On Wednesday, the Lower Chamber of Parliament endorsed a draft law authorising the ratification of the Nairobi Protocol on the development and operation of a Standard Gauge Railway (SGR) under the Northern Corridor Integration Project.
The Bill now goes to the Senate for further scrutiny before coming into law. It is expected to happen not later than next month, according to the State Minister for Transport, Alexis Nzahabwanimana.
“We are Glad the lower chamber has approved the protocol. This draws us close to implementation of the regional infrastructure projects,” he said.
Abubakar Ogle, a Kenyan representative to the East Africa legislative Assembly (Eala) welcomed Rwanda’s move towards the implementation of the railway project, saying it keeps the regional integration process on track.
“Now that Rwanda has endorsed the protocol, I am very optimistic that the regional integration process is going on at a desired pace. I am very happy about that, and I am hopeful that the Ugandan parliament will also do the same,” Ogle told Sunday Times Yesterday.
The Ugandan parliament is yet to second the legal framework governing the regional infrastructure development fund over allegations of inflated cost of the project.
A Ugandan representative to Eala, Chris Opoka Okumu however said that the delay on Uganda’s side was simply technical with no cause for hindrance to the regional infrastructure project.
Opoka said that consultations are being made to reach a common understanding regarding engineering, procurement and construction.
“We cannot afford to lag behind on such a big and very beneficial regional project,” said Opoka.
Minister Nzahabwanimana, on the other hand said that, everything, including the infrastructure development fund, was ready and only awaits the legal framework to legalize it.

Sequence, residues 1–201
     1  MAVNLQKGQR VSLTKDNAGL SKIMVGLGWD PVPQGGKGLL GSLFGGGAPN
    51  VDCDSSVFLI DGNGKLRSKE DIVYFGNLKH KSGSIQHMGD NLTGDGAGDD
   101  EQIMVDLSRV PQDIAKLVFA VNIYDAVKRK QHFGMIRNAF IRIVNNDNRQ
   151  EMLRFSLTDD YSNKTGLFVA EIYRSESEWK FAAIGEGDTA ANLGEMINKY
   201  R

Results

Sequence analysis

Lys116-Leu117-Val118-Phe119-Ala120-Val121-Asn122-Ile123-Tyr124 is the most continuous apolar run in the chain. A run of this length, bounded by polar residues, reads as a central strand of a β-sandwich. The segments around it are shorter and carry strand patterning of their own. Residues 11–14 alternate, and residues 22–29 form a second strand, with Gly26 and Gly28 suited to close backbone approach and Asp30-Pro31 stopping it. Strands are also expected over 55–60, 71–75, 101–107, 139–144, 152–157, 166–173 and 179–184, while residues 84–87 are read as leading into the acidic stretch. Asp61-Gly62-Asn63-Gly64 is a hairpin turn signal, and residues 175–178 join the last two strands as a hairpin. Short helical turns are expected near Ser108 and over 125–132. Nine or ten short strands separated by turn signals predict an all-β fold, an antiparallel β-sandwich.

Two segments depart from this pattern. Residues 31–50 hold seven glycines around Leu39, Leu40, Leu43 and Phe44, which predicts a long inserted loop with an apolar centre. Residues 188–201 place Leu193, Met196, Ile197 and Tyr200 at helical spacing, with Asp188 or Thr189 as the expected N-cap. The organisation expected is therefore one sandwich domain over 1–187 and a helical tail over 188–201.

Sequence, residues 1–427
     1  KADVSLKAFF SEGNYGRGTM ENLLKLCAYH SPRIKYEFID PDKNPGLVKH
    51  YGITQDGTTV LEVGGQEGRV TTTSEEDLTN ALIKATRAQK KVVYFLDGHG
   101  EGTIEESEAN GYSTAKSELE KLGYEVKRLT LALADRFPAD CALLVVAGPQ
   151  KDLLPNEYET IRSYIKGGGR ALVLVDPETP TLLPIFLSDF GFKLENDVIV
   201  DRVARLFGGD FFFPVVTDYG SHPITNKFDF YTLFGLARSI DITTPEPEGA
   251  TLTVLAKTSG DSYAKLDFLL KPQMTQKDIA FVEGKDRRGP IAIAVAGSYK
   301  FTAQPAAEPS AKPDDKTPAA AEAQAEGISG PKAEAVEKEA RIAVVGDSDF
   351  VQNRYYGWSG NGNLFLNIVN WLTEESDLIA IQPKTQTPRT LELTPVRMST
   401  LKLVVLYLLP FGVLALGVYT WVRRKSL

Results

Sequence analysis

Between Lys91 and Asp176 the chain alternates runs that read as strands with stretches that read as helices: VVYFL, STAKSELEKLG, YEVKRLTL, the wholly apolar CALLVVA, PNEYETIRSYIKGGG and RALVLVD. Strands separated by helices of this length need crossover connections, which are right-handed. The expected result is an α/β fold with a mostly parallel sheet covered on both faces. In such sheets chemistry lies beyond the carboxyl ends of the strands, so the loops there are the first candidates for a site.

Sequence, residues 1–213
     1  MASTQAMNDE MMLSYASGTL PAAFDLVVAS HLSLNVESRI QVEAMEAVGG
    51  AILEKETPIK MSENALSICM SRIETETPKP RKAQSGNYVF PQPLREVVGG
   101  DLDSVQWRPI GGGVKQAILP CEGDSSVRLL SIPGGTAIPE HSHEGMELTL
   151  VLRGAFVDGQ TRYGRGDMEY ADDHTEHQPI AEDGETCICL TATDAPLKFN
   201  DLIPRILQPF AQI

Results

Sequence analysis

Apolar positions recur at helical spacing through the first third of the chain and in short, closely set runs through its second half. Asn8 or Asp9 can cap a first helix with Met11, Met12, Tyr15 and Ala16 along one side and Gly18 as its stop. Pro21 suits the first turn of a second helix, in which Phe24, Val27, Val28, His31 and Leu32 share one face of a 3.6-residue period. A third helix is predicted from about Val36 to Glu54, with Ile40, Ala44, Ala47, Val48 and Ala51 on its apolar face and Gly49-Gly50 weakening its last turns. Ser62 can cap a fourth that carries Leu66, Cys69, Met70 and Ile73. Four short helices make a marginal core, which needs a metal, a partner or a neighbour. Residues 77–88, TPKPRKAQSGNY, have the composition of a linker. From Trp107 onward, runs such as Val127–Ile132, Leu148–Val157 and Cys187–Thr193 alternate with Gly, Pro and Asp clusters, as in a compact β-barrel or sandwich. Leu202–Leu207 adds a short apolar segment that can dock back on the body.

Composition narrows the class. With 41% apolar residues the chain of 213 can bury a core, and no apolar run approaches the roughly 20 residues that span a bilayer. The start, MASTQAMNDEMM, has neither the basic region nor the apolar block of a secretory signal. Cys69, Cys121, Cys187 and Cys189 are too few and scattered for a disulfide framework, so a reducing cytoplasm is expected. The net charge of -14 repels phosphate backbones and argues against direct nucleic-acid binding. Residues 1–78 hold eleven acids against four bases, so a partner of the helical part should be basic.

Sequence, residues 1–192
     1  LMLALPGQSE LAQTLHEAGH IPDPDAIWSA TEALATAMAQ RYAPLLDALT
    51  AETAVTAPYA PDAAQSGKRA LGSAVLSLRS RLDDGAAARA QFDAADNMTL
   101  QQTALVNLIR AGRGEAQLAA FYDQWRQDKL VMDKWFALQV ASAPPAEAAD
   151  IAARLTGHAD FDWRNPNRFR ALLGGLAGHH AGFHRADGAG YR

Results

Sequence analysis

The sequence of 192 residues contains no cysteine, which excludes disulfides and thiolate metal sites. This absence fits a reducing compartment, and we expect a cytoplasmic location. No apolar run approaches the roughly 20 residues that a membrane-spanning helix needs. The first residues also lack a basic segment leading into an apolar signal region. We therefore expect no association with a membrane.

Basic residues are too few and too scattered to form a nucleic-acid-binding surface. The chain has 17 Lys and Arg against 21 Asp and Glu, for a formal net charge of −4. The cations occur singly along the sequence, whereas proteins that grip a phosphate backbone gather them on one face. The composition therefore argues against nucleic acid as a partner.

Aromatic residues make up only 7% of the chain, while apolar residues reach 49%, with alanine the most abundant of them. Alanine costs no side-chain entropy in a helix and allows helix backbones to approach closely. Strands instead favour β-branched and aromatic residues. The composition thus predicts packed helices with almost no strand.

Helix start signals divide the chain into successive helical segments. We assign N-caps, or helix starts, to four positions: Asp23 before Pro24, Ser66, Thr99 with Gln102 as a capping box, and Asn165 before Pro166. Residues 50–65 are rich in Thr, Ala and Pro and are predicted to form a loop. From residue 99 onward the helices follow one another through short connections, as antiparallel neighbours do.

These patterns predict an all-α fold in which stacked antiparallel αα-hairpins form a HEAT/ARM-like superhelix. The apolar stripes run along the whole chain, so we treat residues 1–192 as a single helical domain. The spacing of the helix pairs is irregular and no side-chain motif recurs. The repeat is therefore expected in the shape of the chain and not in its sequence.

The Nairobi tripartite agreement between the three countries bids partner states jointly develop the SGR; and underlines the implementation process, including sufficient budgetary allocation.
To fast track regional integration, the governments of Rwanda, Kenya and Uganda committed to the development of SGR that links the landlocked countries of Rwanda and Uganda with Mombasa Port in Kenya.
The ambitious 3,000km project estimated to cost $13.5 billion, is meant to provide a reliable, efficient railway transportation of goods, leading to reduced cost of doing business in the region. It is expected to be completed by 2018.
The decrease in transport cost would lead to sustained rapid industrialization and economic growth of the East African region.
Rwanda on track
Nzahabwanimana said that a bidding excise was ongoing to find a suitable contractor for Uganda-Rwanda lot; the exercise will also include underlining precision for the railway line as well as expropriation procedures.
A contractor for the project should been determined before June this year.
“By March 2016, areas where the railway line is going to pass would have been demarcated,” said the minister.
Rwanda needs about $1.2 billion to put meet its cost of the project. Nzahabwanimana said that this has already been approved by the funder.
For Rwanda to have this financial grant from funders, as said by the minister, requires legal frameworks governing infrastructure development fund.
He was confident that during the Heads of State Summit set for March 7, all pending issues regarding the northern corridor infrastructure development will be settled-keeping the project implementation within the set time frame.